However once you have that agreement then it doesn't matter what language the endpoints are written in as long as they both fill in and interpret the data in the same fashion. Thus programs written in different languages can exchange packets and everyone is happy.

Now the content of those packers can also have a higher level meaning that both ends agree on. The content could be raw binary data, simple text strings or even be formatted as higher level structures For example HTTP messages or XML or JSON data. But agreement on the meaning by both ends is the key thing.

About the only tricky part is when you have two different machines communicating with different Endianess. This only matters once the data gets to the physical medium of transmission. At which point there are standard solutions for doing this through the agreement of network byte order (see that previous link)

  • So are there tools that help establish that agreement between languages? Or does that agreement already exist? – namarino Jun 28 '17 at 19:33
  • Those agreements are called communication protocols – scriptin Jun 28 '17 at 19:39
  • @namarino If you are using a well defined agreement (IE protocol) then you typically have library calls that do the heavy lifting for you. EG to post JSON back to a server see this C# example stackoverflow.com/a/10027534/31326 which is coded at high level (Java would be similar). But this implicitly assumes that there is a server at the other end that speaks HTTP and accepts POST messages. That sort of agreement is something you have to specify at a system design level. It's only if you are writing new language or a new protocol that you have to do it all yourself. – Peter M Jun 28 '17 at 19:51
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It is implementation specific (notably ABI & calling convention specific).

Many language implementations provide a way to call a function (in the same program and process) in some other language (often C). It could be called foreign function interface.

For Java, read about JNI.

For Python, read about Extending & Embedding the Python Interpreter.

For Ocaml, read the chapter about Interfacing C with Ocaml.

etc....


But what if those programs were written in different languages? You could conceivably use files, but are there any other ways of communicating?

Yes, it is called inter-process communication. Linux provide many ways to do that thru its system calls (listed in syscalls(2)...), pipe(7)-s, socket(7)-s, signal(7)-s, shm_overview(7), sem_overview(7) etc etc...

Read also Operating Systems : Three Easy Pieces

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"Written in" != "Can communicate with"

I know how, for example, to communicate between two java programs if I needed to. If I had two programs on two different machines, I could use sockets and streams. But what if those programs were written in different languages? You could conceivably use files, but are there any other ways of communicating?

You'd use the same techniques whether the two programs are written in the same language or different languages.

The language that a system can communicate with has nothing to do with the language it is written in. Your Chrome browser, for example, is written in c++, but the language that it "talks" is HTTP. The web server, as long as it conforms to the HTTP specification, can be written in any language, and it'll still work. And there are many languages have libraries that allow them to communicate via HTTP.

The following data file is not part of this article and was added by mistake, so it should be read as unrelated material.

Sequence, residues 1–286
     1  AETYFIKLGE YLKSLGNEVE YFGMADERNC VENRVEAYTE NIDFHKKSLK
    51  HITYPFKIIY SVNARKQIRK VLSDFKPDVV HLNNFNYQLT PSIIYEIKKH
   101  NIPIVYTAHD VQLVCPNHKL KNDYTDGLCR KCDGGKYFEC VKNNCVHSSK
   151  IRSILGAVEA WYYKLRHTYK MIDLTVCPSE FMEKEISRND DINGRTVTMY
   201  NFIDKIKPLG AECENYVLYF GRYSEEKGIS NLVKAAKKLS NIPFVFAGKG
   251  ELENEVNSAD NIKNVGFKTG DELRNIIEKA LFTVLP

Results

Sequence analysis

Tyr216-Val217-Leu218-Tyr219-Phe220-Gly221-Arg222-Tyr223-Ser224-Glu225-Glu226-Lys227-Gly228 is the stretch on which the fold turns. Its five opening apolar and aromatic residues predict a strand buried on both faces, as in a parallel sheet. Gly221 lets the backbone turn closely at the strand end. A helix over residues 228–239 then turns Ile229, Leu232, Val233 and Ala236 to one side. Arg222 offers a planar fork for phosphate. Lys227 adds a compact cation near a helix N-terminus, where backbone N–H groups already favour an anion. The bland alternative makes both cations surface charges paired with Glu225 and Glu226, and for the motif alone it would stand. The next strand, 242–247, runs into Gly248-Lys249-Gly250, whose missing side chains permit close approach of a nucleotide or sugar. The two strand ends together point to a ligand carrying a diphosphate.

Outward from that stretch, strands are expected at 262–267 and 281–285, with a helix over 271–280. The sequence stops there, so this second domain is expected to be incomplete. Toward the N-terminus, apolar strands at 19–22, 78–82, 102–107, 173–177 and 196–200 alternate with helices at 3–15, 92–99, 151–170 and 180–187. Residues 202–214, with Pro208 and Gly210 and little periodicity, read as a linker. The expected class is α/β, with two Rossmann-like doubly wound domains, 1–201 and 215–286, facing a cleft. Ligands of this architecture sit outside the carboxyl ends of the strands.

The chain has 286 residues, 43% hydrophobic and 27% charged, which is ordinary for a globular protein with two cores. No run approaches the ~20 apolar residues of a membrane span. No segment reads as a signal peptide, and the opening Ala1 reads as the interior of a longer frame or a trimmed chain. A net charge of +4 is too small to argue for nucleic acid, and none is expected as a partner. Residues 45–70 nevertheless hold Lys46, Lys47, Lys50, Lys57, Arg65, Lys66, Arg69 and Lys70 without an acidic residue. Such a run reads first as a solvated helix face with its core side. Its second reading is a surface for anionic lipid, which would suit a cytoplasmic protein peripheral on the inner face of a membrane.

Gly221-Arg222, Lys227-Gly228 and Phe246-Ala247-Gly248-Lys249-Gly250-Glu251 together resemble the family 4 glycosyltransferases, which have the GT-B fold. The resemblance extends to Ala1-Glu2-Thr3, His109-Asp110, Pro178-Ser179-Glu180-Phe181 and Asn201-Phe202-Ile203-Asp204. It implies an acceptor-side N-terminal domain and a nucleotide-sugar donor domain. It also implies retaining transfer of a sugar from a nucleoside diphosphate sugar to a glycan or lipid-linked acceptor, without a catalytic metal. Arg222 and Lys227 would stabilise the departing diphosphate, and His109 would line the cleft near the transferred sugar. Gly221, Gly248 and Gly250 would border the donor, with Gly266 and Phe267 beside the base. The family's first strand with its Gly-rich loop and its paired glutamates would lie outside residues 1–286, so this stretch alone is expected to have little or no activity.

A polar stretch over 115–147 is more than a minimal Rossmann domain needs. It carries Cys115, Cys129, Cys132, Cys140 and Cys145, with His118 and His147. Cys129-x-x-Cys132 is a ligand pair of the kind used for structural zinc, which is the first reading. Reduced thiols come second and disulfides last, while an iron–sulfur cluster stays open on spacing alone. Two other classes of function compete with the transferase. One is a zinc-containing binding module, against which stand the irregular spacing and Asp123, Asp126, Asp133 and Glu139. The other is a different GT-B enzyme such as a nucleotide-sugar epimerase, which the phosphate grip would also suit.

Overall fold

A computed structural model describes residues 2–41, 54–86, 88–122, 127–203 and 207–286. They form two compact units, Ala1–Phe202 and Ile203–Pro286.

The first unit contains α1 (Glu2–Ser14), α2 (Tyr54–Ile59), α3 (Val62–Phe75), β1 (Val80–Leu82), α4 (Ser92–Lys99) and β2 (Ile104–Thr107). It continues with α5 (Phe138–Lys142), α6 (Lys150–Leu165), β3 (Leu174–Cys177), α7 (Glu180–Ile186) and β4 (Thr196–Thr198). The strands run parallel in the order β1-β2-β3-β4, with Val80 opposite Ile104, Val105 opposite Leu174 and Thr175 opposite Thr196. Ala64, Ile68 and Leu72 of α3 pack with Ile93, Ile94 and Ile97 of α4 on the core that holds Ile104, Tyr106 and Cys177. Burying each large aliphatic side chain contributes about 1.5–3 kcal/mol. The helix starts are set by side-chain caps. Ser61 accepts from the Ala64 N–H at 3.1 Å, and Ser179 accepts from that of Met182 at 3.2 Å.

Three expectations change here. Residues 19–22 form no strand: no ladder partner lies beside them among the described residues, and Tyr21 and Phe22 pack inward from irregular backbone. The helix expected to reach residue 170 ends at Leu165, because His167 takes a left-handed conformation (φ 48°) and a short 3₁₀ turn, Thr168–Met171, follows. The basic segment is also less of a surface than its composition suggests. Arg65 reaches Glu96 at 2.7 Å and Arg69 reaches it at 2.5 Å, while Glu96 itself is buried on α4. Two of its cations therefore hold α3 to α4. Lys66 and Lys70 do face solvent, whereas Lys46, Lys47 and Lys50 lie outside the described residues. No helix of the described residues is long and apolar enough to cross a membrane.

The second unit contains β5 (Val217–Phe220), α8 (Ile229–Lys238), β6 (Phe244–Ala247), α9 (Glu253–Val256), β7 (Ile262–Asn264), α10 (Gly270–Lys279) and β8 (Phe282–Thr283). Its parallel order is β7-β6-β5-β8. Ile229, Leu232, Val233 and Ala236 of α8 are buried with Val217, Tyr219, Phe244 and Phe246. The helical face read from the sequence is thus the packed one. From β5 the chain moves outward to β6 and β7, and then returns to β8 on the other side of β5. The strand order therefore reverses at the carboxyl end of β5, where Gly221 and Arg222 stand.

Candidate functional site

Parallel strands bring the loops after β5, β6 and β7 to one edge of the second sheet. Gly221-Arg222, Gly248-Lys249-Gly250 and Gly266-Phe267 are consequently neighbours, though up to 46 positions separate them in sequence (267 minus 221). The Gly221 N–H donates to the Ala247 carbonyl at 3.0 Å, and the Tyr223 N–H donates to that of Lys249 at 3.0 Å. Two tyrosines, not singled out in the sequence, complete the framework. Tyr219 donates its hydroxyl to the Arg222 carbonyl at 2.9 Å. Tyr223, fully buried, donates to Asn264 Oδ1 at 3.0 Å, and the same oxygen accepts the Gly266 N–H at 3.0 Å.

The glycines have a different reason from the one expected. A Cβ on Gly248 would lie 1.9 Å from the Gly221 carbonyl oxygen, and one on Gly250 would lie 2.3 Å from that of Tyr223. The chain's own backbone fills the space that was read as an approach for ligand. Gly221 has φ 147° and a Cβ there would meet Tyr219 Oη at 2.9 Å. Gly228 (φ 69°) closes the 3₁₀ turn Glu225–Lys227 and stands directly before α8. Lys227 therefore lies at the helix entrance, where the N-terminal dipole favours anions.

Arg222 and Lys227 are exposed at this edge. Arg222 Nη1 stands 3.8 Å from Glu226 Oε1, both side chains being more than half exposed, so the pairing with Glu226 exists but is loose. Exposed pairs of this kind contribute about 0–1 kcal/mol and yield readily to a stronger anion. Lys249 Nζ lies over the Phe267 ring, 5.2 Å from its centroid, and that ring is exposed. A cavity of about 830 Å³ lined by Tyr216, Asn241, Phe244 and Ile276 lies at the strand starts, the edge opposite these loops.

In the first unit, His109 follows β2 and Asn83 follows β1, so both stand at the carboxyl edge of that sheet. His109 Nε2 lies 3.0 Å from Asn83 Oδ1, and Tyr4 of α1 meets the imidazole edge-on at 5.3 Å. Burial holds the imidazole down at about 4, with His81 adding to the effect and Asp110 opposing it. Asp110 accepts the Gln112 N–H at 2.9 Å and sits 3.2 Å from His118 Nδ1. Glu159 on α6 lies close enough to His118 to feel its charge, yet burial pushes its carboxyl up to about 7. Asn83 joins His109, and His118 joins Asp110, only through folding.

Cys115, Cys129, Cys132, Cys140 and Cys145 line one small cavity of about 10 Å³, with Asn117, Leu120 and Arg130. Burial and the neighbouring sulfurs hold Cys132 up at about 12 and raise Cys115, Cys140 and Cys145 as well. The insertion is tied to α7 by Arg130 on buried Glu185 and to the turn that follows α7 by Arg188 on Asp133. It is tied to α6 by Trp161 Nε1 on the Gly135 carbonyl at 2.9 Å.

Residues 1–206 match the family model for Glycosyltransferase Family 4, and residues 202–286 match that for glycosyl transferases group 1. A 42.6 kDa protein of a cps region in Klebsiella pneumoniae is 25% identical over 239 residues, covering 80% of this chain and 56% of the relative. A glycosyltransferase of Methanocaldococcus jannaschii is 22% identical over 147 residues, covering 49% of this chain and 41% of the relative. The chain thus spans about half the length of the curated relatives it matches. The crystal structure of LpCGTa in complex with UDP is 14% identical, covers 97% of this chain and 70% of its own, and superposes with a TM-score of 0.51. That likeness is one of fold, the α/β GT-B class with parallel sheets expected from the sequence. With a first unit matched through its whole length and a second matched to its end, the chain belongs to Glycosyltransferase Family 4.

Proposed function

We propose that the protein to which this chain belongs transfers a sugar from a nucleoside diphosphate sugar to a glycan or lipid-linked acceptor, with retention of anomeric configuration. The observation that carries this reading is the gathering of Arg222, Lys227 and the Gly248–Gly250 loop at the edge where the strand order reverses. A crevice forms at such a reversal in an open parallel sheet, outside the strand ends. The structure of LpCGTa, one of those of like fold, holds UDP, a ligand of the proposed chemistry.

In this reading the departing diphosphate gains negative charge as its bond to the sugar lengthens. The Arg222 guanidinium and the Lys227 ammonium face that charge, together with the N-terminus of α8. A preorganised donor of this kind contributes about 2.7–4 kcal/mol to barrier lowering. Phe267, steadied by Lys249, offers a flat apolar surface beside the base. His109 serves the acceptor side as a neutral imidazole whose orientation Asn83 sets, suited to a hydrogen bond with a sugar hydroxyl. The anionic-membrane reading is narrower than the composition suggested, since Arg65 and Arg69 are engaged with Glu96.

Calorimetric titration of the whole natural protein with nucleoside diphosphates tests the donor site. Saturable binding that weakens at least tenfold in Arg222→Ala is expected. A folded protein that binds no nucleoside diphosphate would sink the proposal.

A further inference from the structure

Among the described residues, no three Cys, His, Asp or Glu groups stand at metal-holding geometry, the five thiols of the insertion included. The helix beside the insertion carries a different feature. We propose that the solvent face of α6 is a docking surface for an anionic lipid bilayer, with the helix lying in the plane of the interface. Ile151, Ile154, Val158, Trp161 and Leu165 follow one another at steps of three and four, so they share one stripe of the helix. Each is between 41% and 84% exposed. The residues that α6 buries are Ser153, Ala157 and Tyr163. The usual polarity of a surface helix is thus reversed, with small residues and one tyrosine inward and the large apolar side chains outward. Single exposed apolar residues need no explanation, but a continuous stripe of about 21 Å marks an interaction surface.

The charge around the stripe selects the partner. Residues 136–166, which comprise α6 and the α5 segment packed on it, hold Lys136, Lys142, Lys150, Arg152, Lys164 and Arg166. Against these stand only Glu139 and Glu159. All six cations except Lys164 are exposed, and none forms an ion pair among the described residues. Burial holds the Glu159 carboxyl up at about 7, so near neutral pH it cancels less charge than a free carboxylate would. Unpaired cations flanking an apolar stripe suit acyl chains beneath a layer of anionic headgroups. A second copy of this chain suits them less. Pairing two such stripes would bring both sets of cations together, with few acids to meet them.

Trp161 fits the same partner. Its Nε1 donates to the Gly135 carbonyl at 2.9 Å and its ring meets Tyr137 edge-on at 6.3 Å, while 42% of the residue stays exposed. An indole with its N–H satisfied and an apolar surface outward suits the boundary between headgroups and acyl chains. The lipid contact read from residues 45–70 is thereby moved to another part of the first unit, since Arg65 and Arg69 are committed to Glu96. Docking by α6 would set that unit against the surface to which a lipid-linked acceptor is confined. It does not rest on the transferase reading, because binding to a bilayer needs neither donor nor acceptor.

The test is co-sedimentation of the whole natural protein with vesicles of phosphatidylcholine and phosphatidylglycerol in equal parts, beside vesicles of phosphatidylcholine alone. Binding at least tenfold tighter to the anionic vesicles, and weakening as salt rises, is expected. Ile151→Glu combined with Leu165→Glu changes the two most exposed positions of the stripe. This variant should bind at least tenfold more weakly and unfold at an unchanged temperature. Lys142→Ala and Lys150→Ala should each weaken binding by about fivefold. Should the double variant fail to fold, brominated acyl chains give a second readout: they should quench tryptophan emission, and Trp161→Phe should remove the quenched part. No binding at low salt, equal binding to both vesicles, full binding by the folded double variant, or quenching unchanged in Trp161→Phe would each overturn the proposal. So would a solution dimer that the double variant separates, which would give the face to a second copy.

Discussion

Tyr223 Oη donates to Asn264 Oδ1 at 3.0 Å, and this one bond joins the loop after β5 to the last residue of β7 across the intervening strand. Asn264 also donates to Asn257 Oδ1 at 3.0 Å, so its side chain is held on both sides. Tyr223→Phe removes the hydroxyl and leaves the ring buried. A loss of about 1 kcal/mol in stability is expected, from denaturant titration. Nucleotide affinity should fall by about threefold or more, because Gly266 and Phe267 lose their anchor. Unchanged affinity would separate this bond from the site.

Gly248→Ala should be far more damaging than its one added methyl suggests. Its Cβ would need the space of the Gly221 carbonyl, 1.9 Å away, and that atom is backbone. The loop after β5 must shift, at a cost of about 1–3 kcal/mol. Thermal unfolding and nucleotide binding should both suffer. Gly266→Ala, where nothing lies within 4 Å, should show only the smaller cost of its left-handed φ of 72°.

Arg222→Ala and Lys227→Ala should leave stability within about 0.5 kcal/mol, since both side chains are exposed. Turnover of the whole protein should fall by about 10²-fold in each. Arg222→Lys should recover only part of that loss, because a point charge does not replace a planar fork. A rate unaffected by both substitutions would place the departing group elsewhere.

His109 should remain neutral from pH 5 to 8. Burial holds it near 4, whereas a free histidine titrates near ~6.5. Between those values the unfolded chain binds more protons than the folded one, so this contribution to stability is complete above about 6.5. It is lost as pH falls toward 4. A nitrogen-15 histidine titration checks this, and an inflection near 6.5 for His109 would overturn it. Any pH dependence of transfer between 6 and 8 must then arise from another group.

Same goes for other communication protocols, including EDI, ODBC, SMTP, you name it. If you were to take Wireshare and look at what is being sent over the network, you aren't going to see any Java or C++ code. The language the program is written in is totally irrelevant.

In fact, if you did have a protocol that passed c++ or Java over the wire, there would be two huge issues:

(1) It would be incredibly difficult to deal with, because most programs, at runtime, don't even understand the language they're written in; the compiler can read that language, but it emits either machine language or some sort of intermediate language (bytecode for Java or IL for C#, for instance). It is often the case that the run time does not understand source code at all.

(2) There would be a huge security exposure, since anything sent over such a protocol would be wide open to an injection attack.

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You've already identified one possible solution: streams of data over sockets. They would work just as well for two processes written in different languages as if both were written in Java.

Sockets have traditionally been provided by the specifications of the underlying operating system and/or standard libraries of the OS, and traditionally most programming language runtimes provide a library which can interface with the OS provided socket implementation.

So let's assume that's the case: that you can connect a running C process and a running Java process together using local or network sockets.

Your real question is, what gets passed over the socket?

The answer is: whatever you want. The operating system will happily pass bits back and forth, you have to decide what those bits mean to your processes.

Examples might include BSON, XML, protocol buffers, Unicode, compressed word documents, PNG images, and whatever else. It's up to you as the programmer to code your Java and C programs that are reading and writing the data on the socket to know what to do with the data and what it means.

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The generally accepted, and most basic approach to this would be a creating a REST API. Using JSON as your data format would make things easy for you.

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    Since you probably mostly write web applications, you may have a biased perception that RESTful APIs are very common way of communication, but I think that most programs running in the world at any given moment are communicating via non-web-based protocols, since most programs are communicating within their respective systems, as opposed to between those systems. – scriptin Jun 28 '17 at 19:37
  • Why Json makes easier the inter-process communication? – Laiv Jun 28 '17 at 20:01
  • @Laiv: From an infrastructure perspective, it doesn't. You still need some mechanism to get data from one process to another. But once you have that mechanism, you can choose whatever data protocol you want. JSON (and XML) are convenient in the sense that there are off-the-shelf parsers available for just about any programming language. – Robert Harvey Jun 28 '17 at 20:46
  • Well, It's fair to say that both fromats are broadly supported by many programming languages. – Laiv Jun 28 '17 at 21:00